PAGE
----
Chicago taxpayers will save $1 billion on police and fire pension costs in the short term under a law the General Assembly approved Monday after some House Republicans bucked their governor, who had railed against it as a ridiculous expansion of the Illinois’ growing pension hole.
The House voted 72-43 to override Gov. Bruce Rauner’s veto of the savings plan, which trumps state law that required the city to pump $4.62 billion into retirement accounts for police officers and firefighters through 2020.
The huge payments could have forced a $300 million property tax increase, Mayor Rahm Emanuel had warned. But Rauner countered that shorting payments will cost an extra $18.6 billion in interest during the next 40 years.
The House quickly followed the Senate in reversing the first-term governor, a businessman who has pounced on the issue of Illinois’ woeful pension funding — in municipal as well as state accounts — since he was a candidate.
The city’s police and fire funds are $12 billion short of what’s needed to cover current and future obligations. Chronic underfunding over the decades is largely to blame, as it is responsible for the $111 billion shortfall Illinois faces in its state-employee accounts. Rauner saw the legislation as another means of delaying the pain accompanying fiscal balance.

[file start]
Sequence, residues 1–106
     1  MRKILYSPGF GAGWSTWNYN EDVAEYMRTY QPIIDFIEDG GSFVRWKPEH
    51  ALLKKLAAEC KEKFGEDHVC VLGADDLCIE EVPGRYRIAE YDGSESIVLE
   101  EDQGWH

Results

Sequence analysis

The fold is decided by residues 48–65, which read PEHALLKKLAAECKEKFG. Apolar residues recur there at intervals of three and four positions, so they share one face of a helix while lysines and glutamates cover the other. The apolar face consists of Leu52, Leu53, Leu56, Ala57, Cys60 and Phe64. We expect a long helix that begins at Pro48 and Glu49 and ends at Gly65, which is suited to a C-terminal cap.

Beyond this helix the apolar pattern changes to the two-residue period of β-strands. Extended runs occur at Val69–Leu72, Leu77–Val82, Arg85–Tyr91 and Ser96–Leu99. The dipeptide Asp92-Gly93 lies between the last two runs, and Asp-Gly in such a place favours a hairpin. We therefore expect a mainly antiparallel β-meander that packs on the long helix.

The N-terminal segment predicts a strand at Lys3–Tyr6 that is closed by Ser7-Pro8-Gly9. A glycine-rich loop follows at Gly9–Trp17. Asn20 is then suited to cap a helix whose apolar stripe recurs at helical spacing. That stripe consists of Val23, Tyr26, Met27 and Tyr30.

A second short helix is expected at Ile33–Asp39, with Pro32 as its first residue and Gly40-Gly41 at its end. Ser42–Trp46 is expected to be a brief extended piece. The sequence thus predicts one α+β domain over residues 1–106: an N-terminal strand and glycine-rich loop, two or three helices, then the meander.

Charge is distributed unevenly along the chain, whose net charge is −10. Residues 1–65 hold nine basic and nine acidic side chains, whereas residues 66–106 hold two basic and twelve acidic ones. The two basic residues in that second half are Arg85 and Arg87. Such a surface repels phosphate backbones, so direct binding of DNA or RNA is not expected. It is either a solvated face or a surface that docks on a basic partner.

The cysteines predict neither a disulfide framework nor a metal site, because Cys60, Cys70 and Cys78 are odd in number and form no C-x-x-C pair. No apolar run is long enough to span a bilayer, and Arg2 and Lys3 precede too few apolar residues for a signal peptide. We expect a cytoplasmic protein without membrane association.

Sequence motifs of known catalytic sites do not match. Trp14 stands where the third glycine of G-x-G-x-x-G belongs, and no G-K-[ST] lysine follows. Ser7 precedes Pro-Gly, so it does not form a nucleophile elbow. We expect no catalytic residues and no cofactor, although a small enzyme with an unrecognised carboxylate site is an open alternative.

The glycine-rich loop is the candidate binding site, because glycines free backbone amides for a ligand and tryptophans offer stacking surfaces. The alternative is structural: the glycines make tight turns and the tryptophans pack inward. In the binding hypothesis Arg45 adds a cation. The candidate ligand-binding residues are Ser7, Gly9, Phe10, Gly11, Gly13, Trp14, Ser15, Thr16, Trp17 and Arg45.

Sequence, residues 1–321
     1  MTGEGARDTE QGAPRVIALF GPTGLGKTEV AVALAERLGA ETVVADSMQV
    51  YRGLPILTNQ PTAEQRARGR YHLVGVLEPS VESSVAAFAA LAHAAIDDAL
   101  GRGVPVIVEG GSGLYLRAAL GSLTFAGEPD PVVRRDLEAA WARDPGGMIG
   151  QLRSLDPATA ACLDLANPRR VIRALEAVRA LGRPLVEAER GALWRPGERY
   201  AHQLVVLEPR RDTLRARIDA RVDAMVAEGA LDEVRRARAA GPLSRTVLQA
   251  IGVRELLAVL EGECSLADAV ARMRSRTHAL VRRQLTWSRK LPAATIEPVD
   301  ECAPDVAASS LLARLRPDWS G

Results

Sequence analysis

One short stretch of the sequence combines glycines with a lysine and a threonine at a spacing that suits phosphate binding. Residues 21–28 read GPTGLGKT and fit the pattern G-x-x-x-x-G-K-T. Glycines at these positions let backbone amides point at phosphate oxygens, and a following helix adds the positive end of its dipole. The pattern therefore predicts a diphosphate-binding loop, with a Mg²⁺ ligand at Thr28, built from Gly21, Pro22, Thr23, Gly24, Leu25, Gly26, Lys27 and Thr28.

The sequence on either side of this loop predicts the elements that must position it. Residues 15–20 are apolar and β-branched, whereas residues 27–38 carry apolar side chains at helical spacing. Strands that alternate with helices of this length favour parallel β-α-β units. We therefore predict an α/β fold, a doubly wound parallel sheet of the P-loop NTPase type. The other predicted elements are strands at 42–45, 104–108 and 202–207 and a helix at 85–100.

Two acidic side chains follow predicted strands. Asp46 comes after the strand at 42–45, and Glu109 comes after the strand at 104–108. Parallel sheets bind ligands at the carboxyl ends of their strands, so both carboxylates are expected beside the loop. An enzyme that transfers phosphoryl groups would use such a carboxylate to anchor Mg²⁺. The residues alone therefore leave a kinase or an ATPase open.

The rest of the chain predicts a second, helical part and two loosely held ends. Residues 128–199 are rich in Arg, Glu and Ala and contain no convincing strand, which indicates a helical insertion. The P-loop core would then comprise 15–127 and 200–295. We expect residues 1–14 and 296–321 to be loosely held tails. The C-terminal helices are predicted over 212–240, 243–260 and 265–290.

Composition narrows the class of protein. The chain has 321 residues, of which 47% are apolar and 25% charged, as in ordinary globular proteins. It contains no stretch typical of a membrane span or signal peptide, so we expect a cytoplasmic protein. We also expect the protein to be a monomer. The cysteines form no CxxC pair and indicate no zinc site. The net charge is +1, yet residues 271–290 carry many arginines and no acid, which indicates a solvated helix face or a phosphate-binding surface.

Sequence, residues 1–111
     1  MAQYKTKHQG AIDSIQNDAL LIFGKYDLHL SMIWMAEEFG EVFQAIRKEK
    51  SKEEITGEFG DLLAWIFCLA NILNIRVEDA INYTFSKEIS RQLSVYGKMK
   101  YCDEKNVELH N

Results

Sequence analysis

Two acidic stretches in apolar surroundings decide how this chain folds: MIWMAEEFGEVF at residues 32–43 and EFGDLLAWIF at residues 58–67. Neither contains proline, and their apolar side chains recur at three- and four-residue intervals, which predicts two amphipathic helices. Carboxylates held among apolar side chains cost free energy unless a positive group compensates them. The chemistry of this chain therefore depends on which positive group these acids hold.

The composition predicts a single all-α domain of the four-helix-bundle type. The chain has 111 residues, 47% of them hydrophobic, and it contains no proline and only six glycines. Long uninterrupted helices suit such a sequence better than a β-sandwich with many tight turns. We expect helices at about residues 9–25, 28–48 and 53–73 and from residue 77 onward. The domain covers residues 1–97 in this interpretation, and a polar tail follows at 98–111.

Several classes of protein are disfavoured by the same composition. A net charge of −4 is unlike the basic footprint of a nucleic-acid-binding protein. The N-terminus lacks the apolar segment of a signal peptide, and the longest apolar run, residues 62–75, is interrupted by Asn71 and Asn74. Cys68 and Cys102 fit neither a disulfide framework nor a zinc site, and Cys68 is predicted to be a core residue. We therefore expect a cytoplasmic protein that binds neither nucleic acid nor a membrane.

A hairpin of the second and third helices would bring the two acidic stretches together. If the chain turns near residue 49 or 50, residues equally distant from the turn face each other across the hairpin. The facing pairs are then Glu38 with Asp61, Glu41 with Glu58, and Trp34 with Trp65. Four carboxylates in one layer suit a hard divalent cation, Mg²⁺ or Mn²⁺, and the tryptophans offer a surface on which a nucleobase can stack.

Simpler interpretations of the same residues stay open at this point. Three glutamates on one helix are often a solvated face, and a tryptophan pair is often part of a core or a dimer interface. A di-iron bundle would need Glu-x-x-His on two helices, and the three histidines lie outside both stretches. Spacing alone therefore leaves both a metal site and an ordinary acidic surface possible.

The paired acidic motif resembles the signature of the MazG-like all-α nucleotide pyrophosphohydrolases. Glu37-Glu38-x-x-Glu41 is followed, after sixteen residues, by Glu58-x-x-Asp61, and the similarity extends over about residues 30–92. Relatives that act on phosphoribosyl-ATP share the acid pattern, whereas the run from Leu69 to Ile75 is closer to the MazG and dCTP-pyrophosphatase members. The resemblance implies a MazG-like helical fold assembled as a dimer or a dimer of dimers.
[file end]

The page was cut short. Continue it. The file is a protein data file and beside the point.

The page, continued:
“Clearly, those who supported this measure haven’t recognized what happens when government fail to promptly fund pension obligations,” Rauner said in a statement.
The legislation was approved in the House last year with 65 votes — six short of the number needed for a veto override. But Monday, some Republicans jumped to the Democratic mayor’s aid Monday. Arlington Heights Republican Rep. David Harris said Emanuel inherited the mess from his predecessor and already raised property taxes by $500 million just to catch up on underfunded pensions.
“Not a penny for public works, not a penny for infrastructure improvement,” Harris said. “That’s a tough thing to do and I give him credit for that.”
The Democratic-controlled Senate voted 39-19 earlier Monday to OK the plan unions endorse. The Fraternal Order of Police Lodge 7 and Chicago Firefighters Union Local 2 backed the plan they had negotiated with Emanuel.
“We in the city agreed to step up and finally do our part to responsibly fund these pensions,” Emanuel said in a prepared statement.
The plan would reduce Chicago’s required pension deposits to police and fire retirement funds by $1 billion, to $3.63 billion, and stretches the timeline from 2040 to 2055 for the funds to meet a level of funding equal to 90 percent of what they need to cover current and future payouts.
Despite the blow to Rauner, many GOP lawmakers stayed the course.
“At some point, you’re going to have to take fiscal responsibility for your own actions,” Naperville Republican Rep. Grant Wehrli said. “Chicago, raise your taxes.”
The bill is SB777.
This story has been updated to correct that Chicago’s previous property tax increase was $500 million.